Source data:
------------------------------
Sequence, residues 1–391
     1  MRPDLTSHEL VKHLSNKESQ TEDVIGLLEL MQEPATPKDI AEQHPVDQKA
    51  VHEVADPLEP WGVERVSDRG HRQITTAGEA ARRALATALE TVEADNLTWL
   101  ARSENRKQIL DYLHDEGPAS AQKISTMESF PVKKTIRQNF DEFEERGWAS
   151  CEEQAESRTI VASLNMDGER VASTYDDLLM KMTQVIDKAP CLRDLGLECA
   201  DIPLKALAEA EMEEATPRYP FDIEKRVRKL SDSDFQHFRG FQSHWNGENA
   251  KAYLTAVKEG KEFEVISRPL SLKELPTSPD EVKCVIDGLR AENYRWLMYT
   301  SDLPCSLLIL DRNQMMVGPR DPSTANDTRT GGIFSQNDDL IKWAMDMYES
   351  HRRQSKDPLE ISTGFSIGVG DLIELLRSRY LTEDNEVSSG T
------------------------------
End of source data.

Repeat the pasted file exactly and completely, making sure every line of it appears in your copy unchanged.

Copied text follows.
Sequence, residues 1–391
     1  MRPDLTSHEL VKHLSNKESQ TEDVIGLLEL MQEPATPKDI AEQHPVDQKA
    51  VHEVADPLEP WGVERVSDRG HRQITTAGEA ARRALATALE TVEADNLTWL
   101  ARSENRKQIL DYLHDEGPAS AQKISTMESF PVKKTIRQNF DEFEERGWAS
   151  CEEQAESRTI VASLNMDGER VASTYDDLLM KMTQVIDKAP CLRDLGLECA
   201  DIPLKALAEA EMEEATPRYP FDIEKRVRKL SDSDFQHFRG FQSHWNGENA
   251  KAYLTAVKEG KEFEVISRPL SLKELPTSPD EVKCVIDGLR AENYRWLMYT
   301  SDLPCSLLIL DRNQMMVGPR DPSTANDTRT GGIFSQNDDL IKWAMDMYES
   351  HRRQSKDPLE ISTGFSIGVG DLIELLRSRY LTEDNEVSSG T